After recovering from glandular fever, it is recommended to schedule a follow-up appointment with a healthcare professional. They can assess the patient’s overall health and ensure that there are no lingering complications. It is also important to discuss any concerns or questions about the recovery process during this appointment.
|Several weeks to months
|May continue during recovery
|May linger during recovery
|Swollen Lymph Nodes
|Several weeks to resolve completely
It is important to remember that recovery from glandular fever is a gradual process and may take time. Patience, proper rest, and adequate self-care are essential in supporting your body’s healing and returning to full health.
Returning to Normal Activities
Once you have been diagnosed with glandular fever, it is important to take the time to rest and allow your body to recover. This is because glandular fever, also known as infectious mononucleosis, is caused by the Epstein-Barr virus and can leave you feeling extremely fatigued.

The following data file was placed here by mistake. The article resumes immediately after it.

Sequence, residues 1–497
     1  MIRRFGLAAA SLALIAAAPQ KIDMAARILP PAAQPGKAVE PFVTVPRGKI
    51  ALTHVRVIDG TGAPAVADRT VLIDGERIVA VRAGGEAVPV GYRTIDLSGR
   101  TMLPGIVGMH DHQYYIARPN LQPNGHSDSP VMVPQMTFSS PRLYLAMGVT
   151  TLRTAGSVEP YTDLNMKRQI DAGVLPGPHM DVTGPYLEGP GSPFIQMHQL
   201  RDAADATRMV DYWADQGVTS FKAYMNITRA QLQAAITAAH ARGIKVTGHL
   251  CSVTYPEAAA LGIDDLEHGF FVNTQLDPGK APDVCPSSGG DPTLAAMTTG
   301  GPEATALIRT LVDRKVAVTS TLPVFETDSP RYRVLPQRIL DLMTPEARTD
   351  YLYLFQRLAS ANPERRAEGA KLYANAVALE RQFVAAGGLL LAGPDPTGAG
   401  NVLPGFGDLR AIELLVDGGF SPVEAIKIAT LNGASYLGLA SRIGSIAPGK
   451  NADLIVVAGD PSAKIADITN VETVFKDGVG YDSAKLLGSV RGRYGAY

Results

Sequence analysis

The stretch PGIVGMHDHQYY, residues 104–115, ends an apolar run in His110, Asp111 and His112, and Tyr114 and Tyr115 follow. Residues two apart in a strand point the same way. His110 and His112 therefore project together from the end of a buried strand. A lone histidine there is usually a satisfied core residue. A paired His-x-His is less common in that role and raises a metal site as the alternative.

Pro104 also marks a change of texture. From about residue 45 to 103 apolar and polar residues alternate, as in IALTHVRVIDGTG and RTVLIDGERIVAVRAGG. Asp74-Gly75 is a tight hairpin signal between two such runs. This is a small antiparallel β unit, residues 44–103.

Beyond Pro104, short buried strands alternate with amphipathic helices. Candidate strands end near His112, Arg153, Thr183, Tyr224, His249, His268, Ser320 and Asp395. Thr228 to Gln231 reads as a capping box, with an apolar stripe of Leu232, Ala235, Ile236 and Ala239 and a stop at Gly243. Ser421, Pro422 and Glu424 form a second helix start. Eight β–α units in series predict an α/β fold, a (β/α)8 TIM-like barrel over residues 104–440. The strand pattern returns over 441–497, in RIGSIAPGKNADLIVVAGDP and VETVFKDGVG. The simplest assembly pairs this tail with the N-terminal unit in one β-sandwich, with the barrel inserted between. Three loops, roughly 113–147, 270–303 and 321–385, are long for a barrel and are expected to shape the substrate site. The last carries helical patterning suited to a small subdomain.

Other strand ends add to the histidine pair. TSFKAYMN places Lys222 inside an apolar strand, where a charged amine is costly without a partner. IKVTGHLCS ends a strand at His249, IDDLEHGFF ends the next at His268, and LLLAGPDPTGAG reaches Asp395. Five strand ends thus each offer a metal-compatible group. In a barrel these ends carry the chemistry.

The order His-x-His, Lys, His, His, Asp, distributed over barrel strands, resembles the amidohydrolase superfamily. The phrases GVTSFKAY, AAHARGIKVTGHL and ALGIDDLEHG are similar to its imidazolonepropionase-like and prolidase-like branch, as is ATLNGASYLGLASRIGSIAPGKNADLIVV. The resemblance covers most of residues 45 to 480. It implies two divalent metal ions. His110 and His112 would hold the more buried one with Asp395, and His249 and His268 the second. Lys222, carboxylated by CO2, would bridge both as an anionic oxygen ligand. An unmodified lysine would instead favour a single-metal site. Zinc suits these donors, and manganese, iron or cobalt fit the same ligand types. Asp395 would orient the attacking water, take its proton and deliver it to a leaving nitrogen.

During the acute phase of the illness, which typically lasts around two to three weeks, it is advised to avoid strenuous physical activity and take time off from work or school. This is because overexertion can prolong your recovery time and potentially lead to further complications.
As the fever subsides and symptoms such as sore throat, swollen lymph nodes, headache, and night sweats improve, you can slowly begin to reintroduce normal activities into your routine. However, it is important to listen to your body and not push yourself too hard.
Gradual Return to Exercise
When starting to exercise again, it is best to begin with low-impact activities such as walking or gentle stretching. Gradually increase the intensity and duration of your workouts as your energy levels improve.
It is also advisable to avoid contact sports or activities that may put strain on the spleen, as glandular fever can cause this organ to become enlarged and more susceptible to injury.